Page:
Elevation contours at a glance
- Topographic map: A graphic representation of position, scale, shape, relief, and distribuation of selected natural and cultural features of an area of the Earth's surface.
- Contour Line: A line drawn on a topographic map connecting two points of equal elevation above sea level.
- Contour Interval: The vertical distance between two adjacent contour lines.
Overview of Topographic Maps in JourneyMapJourneyMap's Topographic Maps let you see the elevation contours of your world. You can customize the topographic map properties and colors in (.minecraft/journeymap/config/5.2/journeymap.topo.config) according to what looks best to you, or what you want to emphasize.
Here's how it works:
So, given a world height of 256 blocks, a palette of 32 colors will create 32 elevation contours, each with a contour interval of 8 blocks high.
- 1st color: y 0-7
- 2nd color: y 8-15
The topographic maps config file .minecraft/journeymap/config/5.2/journeymap.topo.config can be edited with a simple text editor. You can make changes to it, save it, and see the results immediately in JourneyMap without a need to restart.
The file has the following properties:
- showContour: Whether to show a contour line between contour intervals. Defaults to true.
- landContour: Hex color (#rrggbb) of the contour lines on land. Ignored if showContour is false.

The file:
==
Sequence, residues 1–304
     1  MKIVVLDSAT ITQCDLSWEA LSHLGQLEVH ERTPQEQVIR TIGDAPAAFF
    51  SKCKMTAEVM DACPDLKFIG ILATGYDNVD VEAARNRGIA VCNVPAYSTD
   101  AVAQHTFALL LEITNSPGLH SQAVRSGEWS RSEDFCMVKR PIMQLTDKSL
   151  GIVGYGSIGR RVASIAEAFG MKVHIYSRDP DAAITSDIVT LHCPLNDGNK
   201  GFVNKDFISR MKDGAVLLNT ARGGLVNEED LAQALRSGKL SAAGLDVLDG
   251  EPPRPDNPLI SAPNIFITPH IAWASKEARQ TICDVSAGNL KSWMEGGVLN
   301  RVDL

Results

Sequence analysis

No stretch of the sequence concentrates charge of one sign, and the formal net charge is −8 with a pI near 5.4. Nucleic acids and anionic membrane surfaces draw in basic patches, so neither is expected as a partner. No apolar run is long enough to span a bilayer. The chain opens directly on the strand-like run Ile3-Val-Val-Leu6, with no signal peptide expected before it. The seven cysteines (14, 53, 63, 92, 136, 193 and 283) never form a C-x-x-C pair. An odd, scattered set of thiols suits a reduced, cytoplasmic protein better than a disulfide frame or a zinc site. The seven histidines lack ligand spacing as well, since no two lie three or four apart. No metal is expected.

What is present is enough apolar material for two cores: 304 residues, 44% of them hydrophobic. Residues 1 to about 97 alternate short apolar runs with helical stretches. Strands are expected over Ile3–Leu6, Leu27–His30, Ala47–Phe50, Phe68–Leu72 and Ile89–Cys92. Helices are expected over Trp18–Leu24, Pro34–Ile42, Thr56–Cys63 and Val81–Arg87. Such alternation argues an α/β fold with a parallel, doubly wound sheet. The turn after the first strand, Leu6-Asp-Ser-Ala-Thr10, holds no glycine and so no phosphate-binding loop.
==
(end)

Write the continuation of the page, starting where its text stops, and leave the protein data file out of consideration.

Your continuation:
- waterContour: Hex color (#rrggbb) of the contour lines on water. Ignored if showContour is false.
- land: Quoted, comma-delimited list of hex colors (#rrggbb) for land terrain. The number of colors determines the contour intervals (see Overview above).
- water: Quoted, comma-delimited list of hex colors (#rrggbb) for water. The number of colors determines the contour intervals (see Overview above).
- configVersion: Used by JourneyMap to track configuration changes. You can ignore this, and don't need to change it.
If you get the file hopelessly broken, don't panic. Simply delete it and restart Minecraft, and a new one will be created for you.
Choosing Good Colors
In truth, finding a "one size fits all" set of colors for topographic maps isn't likely. Most real-life maps have nonlinear gradients customized to work best with the unique terrain features of a specific area. For example, colors that help you see elevation changes clearly in a place like Kansas, US (very flat) would not work well in the neighboring state of Colorado and it's Rocky Mountains.